- Meron Hewis, President, Legal Talent Outsourcing
In-house legal teams are stretched thin, and it’s only going to get more challenging in the coming years. That’s a key finding from the recently published 2021 EY Law Survey, which reports that general counsel forecast workloads to increase by 25 percent over the next three years, with only a three percent increase in headcount expected to occur within that same period.
More work and fewer resources to get tasks completed—it’s familiar territory for many in-house lawyers. And because in-house teams are under pressure to keep costs down, simply outsourcing more work to outside law firms is not the solution. One thing that is often touted as the solution is legal technology.
While legal tech helps, it is more of an accelerator of results and not a silver bullet for every problem. To leverage legal tech effectively, corporate legal departments should focus, first, on getting the right people and processes in place. By laying a strong foundation with the right people and processes, legal tech can then be plugged in to accelerate problem-solving.
Legal departments struggle to keep up with is the steady drumbeat of commercial contracts that require attention. Legal tech solutions can be helpful to ease the burden of a commercial contract attorney. But again, the technology can only help if there’s groundwork in the form of processes and systems that enable it to optimally perform.
When it comes to commercial contracts, one of the most important systems to have in place is a contract “playbook.” In short, a playbook standardizes how contracts are reviewed and negotiated within an organization. With a playbook in place, which outlines the start-to-finish workflow for contracts, departments within an organization share an understanding of standard contract processes, leading to more efficient and effective results.
One of the most important benefits of a playbook is that it allows corporations to more effectively gather and analyze contract data and information—and therefore extract more value from their contract review processes. It’s the data and information that processes capture that allow the legal tech to be effective.
For example, over the coming years, the acceleration of artificial intelligence software into the review process will enable corporations to extract data and clarify the content of contracts more effectively. This will allow corporations to review contracts more rapidly, organize large amounts of data more efficiently, and increase the volume of contracts that can be reviewed, negotiated, and executed.
Those who realize the greatest benefits from AI in the future will be those who prepare for it today. Computers require data, and if there is no relevant, organized data to plug in, then even the strongest supercomputer paired with the smartest software won’t be able to add much value.
The challenge that many in-house legal departments face is that they lack the organization and technological know-how necessary to transform a traditional approach to contract review to a modern one that relies on systems and effective resource allocation. At Lexitas, we help clients make the transformation.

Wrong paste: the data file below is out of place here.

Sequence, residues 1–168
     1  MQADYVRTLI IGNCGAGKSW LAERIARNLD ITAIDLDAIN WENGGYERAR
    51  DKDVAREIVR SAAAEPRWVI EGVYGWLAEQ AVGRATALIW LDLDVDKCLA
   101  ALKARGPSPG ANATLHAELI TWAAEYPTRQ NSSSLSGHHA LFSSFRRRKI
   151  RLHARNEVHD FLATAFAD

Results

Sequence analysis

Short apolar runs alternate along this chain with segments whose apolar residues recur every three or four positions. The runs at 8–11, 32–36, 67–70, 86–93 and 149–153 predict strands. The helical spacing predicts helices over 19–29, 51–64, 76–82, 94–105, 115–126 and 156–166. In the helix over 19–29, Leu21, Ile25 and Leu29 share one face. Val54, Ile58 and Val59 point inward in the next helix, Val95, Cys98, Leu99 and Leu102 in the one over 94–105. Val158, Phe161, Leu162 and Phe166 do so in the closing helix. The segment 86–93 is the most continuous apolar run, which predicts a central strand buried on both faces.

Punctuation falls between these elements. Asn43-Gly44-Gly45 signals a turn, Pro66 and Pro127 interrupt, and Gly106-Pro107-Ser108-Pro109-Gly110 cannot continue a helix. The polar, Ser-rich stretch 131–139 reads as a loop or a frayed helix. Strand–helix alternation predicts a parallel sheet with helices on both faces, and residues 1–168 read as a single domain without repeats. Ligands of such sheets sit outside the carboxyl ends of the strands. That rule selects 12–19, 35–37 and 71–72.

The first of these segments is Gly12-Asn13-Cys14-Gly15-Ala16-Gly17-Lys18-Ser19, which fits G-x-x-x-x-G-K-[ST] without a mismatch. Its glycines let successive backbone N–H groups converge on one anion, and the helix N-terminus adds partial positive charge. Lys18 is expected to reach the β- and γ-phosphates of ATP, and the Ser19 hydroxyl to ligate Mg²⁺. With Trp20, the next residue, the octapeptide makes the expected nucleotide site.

Corporate legal departments are busy. The 2021 EY Law Survey suggests they’re going to get even busier. Legal technology helps to lighten the load, particularly when it comes to commercial contracts, but that only happens if the proper foundation is established.
Get Commercial Contract Data in Order
Many businesses struggle to capture data across their commercial contracts portfolios. Layering software on top of a disorganized system won’t solve the problem. Rather than spending time and resources trying to integrate software to manage “dirty” data, a better investment would be to clean up existing data and implement more organized systems for data capture moving forward.
Once those systems are in place, legal tech is deployed to extract and analyze data and create efficiencies in the review, negotiation, and management of commercial contracts.
Define Rules and Create Structure
Before investing too heavily in technology, businesses should attempt to standardize terms, create templates, think through “if/then” scenarios and evaluate risks associated with their various forms of commercial contracts. We call this process developing a “contract playbook.” It’s impossible to standardize and create rules for 100 percent of contracts—there will always be outliers—but creating a playbook, which sets rules for software, can drive tremendous efficiencies for a corporate legal department.
Have Contract Review Work Properly Allocated
When contract review work is misallocated, it often means that lawyers—whether in-house or external—are doing work “below their pay grade.” Inefficient review work means that the expertise available to a business is not being underutilized. In other instances, individuals are tasked with contract work that falls outside of their wheelhouse, which leads to inefficiencies and costly errors.
Humans will still be involved in the process even if you use software to automate aspects of contract review. Therefore, before turning to legal tech, it’s important to designate and train the contract lawyers, and non-lawyer resources (such as the professionals at Lexitas) who will supplement the finite capacity of software. By doing so, you’ll ensure that your people are elevated to their highest and best use.
Meron Hewis is the President of the Legal Talent Outsourcing Division of Lexitas. Ms. Hewis has over 20 years of experience in legal staffing and consulting and is a thought leader in the industry, providing unique legal solutions and designing the operations of various legal programs internationally.